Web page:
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The Inflation Trader

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  • Growling Dogs Sometimes Bite [View article]

    It leaves out the question, though, of the inflationary consequences of the increase in bank reserves. To the extent that these remain sterile excess reserves, they will not cause inflation. However no one, and this includes every single person at the Fed, knows whether it is possible to finely control the level of excess reserves with the blunt policy instruments at the Fed's disposal. And that is the real issue.
    Jun 8, 2014. 08:06 PM | Likes Like |Link to Comment
  • Growling Dogs Sometimes Bite [View article]
    But David, the way it works in practice is that the Fed announces its purchases well in advance, and dealers buy enough securities - often, in auctions - to ensure that they can offer securities to the Fed without shorting them. Because the primary dealers are required to offer the Fed securities, and if they don't own the securities then they have to borrow them (i.e., short them while the Fed is sopping up huge amounts of them, which is a bad trading plan), they bid in the auctions and hold inventory that they specifically plan to offer the Fed. That is, in practice, exactly what happens. As far as I know no one has ever ASKED the primary dealers to buy from the Treasury and sell to the Fed (and it wasn't always the same securities, of course - but if I buy a new Treasury and sell an old Treasury to the Fed, and then do a bond swap with a customer, it's the same result), the incentives are all set up in such a way that that's exactly what happens.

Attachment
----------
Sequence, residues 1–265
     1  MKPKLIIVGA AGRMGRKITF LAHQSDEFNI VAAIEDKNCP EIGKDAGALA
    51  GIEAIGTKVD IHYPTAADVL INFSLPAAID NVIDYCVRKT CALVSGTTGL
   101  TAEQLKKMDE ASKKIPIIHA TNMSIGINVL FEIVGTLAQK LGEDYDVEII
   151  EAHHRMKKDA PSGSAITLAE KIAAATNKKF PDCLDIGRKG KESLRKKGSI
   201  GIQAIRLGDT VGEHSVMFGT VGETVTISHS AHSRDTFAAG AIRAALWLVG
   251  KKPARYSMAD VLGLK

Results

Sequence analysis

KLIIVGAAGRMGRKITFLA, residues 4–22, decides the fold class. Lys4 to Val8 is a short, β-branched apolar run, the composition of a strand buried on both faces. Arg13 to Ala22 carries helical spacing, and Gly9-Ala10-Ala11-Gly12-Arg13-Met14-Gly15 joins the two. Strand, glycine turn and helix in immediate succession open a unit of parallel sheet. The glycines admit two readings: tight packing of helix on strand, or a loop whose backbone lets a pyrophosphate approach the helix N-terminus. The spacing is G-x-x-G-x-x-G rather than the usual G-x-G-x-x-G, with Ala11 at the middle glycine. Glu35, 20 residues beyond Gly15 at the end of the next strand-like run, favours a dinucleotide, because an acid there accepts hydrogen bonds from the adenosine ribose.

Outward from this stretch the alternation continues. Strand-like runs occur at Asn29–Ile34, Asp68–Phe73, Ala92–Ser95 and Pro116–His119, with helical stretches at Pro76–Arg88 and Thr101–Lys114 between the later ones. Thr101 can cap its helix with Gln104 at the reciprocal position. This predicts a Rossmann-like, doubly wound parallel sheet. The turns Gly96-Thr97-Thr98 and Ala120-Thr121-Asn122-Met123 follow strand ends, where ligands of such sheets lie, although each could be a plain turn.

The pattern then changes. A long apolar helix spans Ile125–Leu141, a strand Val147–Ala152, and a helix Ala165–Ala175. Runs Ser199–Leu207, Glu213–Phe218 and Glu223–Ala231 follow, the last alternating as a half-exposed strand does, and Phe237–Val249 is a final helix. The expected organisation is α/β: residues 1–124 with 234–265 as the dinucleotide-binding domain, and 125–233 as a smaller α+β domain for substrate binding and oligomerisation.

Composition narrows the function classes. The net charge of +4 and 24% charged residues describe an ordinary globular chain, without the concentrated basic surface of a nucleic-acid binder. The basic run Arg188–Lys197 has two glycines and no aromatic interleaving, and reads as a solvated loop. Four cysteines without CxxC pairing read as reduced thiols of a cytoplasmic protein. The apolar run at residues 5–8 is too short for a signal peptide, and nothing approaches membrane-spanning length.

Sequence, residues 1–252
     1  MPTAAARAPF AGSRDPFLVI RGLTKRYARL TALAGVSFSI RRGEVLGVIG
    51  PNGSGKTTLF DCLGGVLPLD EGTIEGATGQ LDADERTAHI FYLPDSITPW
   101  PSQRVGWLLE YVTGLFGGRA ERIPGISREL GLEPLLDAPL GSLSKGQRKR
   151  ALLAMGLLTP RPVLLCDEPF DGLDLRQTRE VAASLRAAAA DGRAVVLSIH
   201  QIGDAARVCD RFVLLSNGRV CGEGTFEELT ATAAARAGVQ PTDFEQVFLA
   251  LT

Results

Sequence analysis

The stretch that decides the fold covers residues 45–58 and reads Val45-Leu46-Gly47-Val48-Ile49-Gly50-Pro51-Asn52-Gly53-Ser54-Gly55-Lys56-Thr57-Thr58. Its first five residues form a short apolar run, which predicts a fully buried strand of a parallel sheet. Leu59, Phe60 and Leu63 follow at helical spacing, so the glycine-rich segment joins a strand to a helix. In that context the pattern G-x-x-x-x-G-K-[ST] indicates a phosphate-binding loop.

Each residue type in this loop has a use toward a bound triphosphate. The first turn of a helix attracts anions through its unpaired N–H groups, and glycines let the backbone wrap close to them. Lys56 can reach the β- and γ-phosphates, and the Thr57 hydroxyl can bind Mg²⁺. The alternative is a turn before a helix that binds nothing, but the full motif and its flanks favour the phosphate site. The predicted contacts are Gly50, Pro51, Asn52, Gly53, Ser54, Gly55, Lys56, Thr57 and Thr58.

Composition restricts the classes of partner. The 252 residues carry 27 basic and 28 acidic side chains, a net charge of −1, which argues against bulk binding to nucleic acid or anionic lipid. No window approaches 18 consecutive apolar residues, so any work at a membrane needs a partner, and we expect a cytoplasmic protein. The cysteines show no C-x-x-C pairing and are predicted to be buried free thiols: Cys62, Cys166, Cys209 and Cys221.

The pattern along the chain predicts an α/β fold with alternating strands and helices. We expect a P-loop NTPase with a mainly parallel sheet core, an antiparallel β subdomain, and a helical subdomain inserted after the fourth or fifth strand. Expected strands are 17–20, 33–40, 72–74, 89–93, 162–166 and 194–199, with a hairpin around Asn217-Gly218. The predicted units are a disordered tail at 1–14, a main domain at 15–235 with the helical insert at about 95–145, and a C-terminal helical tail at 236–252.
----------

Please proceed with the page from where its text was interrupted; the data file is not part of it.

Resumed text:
Jun 8, 2014. 01:24 PM | 1 Like Like |Link to Comment
  • Growling Dogs Sometimes Bite [View article]
    That the Fed can only buy in the open market is a slim distinction. If the Fed is known to be buying Treasuries on a regular schedule, it is clearly the (operational) case that many dealers bid for more than their normal allotment because they intend to re-sell to the Fed. This is mechanically different, but the effect is the same. The statute was intended to make sure that the Treasury isn't able to sell more debt simply because the Fed is buying it, and thereby make it possible to inject unlimited sums into the economy (Treasury issues a quintillion, directly from the Fed) without Congressional approval, but obviously with a debt ceiling that pretty much always increases whenever the Treasury says it's hungry and a Fed who says "by the way, we're buying a trillion over the next year," the actual effect of that statute has been approximately nil.
    Jun 8, 2014. 09:14 AM | 1 Like Like |Link to Comment
  • Growling Dogs Sometimes Bite [View article] does bear noting that inflation in the 1940 averaged about 5.5% and twice spiked over 12% and got to -2.9% in 1949. So the policy and the unwind was not without some turbulence.
    Jun 5, 2014. 11:11 AM | Likes Like |Link to Comment
  • Worried About Not Being Worried [View article]
    It is interesting since Volcker clearly has an ear in the Obama Administration, but I would want to see trial balloons much closer to the central bank policymakers before I got too excited (or scared).

    It is interesting that didn't seem to be more widely reported, and I appreciate you pointing it out. Maybe "Bretton Woods" just doesn't mean very much to most people under about 65.